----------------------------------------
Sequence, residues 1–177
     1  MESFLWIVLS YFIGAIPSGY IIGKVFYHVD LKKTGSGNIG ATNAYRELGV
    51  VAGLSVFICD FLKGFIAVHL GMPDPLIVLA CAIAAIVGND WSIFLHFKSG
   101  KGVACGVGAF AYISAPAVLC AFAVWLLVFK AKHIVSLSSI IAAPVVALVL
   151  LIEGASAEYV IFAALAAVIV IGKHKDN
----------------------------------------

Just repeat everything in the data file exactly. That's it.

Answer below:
Sequence, residues 1–177
     1  MESFLWIVLS YFIGAIPSGY IIGKVFYHVD LKKTGSGNIG ATNAYRELGV
    51  VAGLSVFICD FLKGFIAVHL GMPDPLIVLA CAIAAIVGND WSIFLHFKSG
   101  KGVACGVGAF AYISAPAVLC AFAVWLLVFK AKHIVSLSSI IAAPVVALVL
   151  LIEGASAEYV IFAALAAVIV IGKHKDN